Once again, Jeffrey Welles risks the wrath of insulted Tolkien fans as he gives his insights on the Lord of the Rings films. Here are excerpts from his latest column.
“In Lord of the Rings: The Fellowship of the Rings, Blanchett plays Galadriel, the elf queen and “Lady of the Golden Wood.” This sounds like a punch-card thing to me. I’m sure Blanchett will distinguish herself and emote with great feeling, but she’s still part of a large ensemble cast in a film that appears to be mainly about cornball myth, medieval costumes, and special effects.”
However, a reader replies…
Son of Rings Rage
You’re probably getting a whole container-ship full of e-mails complaining about your Lord of the Rings comment, but I can’t sit still while you call The Fellowship of the Ring a film ‘that appears to be mainly about cornball myth, medieval costumes, and special effects.’
“Come on, Jeffrey, you’re smarter than this. You understand the eternal power of myth as well as anyone. Why does the first Star Wars film still resonate so strongly with audiences worldwide? Is it just a film about cornball myth, alien makeup, and special effects? Don’t tell me you didn’t feel a thrill the first time you saw that film — and all the makeup and special effects in the world won’t stir a person like a good solid dose of mythology.
“Here’s an idea — read The Lord of the Rings and see for yourself what us millions of Tolkien fans find so compelling about the man’s work. It wasn’t recently declared the greatest book of the 20th century because of its ‘cornball’ nature.” — James Cameron
Wells to Cameron: I got a huge thrill from the first Star Wars film, and an even bigger one from The Empire Strikes Back. And I was touched by John Boorman’s Excalibur. But I can’t shake the feeling that the whole quasi-mystical, Joseph Campbell-esque, wide-eyed young man embarking on a wondrous adventure thing has been digested by the culture so thoroughly, that it’s going to be very difficult for the Rings trilogy to impart a sense of freshness or discovery, or for some of us to watch it without snorting.
I’m not talking about director Peter Jackson’s ability to convey the richness of Tolkien’s saga, but the Rings trailers that have been showing over the past several weeks. They suggest the film has been very handsomely produced and is well-acted. I expect it’ll be a first-class ride all the way … but the medieval robes and magical-occurrences thing in a spiritual milieu has been done. It really has. I realize that Tolkien’s trilogy is the father of all this, but the likelihood is that the movie version is probably going to be processed as the caboose on a very long train.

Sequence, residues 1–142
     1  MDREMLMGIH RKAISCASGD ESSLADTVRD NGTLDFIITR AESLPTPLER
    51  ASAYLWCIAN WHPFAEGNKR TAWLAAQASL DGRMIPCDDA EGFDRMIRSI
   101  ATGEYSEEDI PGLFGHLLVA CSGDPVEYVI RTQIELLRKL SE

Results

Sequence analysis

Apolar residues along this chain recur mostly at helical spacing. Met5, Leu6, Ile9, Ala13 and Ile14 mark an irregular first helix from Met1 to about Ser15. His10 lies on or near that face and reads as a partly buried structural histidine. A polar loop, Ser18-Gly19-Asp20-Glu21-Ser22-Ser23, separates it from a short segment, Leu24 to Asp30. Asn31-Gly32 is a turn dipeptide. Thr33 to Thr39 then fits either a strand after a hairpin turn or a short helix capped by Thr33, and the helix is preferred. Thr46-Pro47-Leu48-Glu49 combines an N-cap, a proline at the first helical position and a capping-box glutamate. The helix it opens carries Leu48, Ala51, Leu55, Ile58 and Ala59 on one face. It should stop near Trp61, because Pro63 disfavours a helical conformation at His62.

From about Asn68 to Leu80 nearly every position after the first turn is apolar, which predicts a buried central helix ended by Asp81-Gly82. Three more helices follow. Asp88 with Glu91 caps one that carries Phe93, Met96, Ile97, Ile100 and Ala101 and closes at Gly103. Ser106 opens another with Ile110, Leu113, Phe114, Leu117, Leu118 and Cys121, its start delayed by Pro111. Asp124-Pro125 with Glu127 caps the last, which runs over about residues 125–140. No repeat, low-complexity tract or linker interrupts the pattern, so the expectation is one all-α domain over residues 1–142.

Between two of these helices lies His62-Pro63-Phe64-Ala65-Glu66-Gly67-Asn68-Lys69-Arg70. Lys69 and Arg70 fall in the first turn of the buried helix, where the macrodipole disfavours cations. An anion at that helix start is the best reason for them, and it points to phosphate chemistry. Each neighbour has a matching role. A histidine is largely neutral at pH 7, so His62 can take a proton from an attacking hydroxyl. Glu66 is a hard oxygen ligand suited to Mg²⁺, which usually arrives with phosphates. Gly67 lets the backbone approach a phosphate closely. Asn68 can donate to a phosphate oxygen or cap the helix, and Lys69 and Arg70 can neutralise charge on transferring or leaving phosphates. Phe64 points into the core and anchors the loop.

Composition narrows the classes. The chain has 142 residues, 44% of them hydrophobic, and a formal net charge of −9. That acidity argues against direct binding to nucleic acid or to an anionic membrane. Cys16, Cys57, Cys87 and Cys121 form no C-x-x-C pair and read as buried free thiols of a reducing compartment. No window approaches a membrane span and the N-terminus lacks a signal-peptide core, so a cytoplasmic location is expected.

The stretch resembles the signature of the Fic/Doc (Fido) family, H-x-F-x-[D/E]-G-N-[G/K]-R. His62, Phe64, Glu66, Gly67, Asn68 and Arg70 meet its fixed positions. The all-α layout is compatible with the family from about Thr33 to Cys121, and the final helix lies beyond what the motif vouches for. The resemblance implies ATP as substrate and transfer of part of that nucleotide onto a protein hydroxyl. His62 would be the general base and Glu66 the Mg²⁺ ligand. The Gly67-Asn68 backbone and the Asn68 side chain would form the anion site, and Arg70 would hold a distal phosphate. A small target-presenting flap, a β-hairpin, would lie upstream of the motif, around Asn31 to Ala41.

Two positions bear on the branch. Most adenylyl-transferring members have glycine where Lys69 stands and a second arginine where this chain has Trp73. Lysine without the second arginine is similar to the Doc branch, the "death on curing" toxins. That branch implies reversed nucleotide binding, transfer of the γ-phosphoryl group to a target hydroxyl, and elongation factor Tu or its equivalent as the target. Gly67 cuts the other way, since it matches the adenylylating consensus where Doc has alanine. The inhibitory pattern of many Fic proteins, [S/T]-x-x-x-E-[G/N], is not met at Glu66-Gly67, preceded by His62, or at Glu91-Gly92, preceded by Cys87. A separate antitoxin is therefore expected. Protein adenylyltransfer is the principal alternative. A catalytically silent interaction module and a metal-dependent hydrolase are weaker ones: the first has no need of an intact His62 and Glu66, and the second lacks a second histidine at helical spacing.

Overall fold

I was going to leave this alone and just wait for the film until yesterday (Tuesday). This is when my 13-year-old son Jett said he had no interest in seeing Lord of the Rings because it looks “corny.” That threw me. I tried steering him away from this attitude, suggesting at the least that Peter Jackson’s film might reinvent or reinvigorate what seems like a familiar concoction, but he was adamant.
I believe Jett’s lack of pretentiousness and worldliness allows him to sometimes just cut through to the blunt truth of a situation, whereas those of us with a more seasoned, reasoned understanding of things can sometimes get caught up in the whys and wherefores. I don’t want to sound too knee-jerk about this, but I believe he knows — senses — the color and shape of the forest more clearly than I do sometimes. I’m not referring to the Rings movies or Tolkien’s writings, but to the color and shape of the audience awaiting (or not awaiting) this New Line release.
And sometimes Jett inspires me to look at certain core feelings and/or attitudes I’ve been keeping under wraps, or have been too chicken to express. Since nearly having my head torn off by Rings fans a few months ago over an issue I’d rather not raise again, I’ve been afraid to express my reactions to the Rings trailer(s) for fear of igniting another melodrama. For what it’s worth, to say that the trailer makes the first Rings installment “appear” to be “mainly” about cornball myth, etc., is obviously a qualified statement. It’s an honest gut reaction, in any event. I just wish I could say I had the cojones to say it without prodding from my son.
Will the movie itself be much more daring and complex than the trailer suggests? Quite possibly. A trailer will often make a film seem dumber and simpler than it actually is. I guess we’ll have to wait and see.
Thanks to Joram of Ringbearer.org for the tip!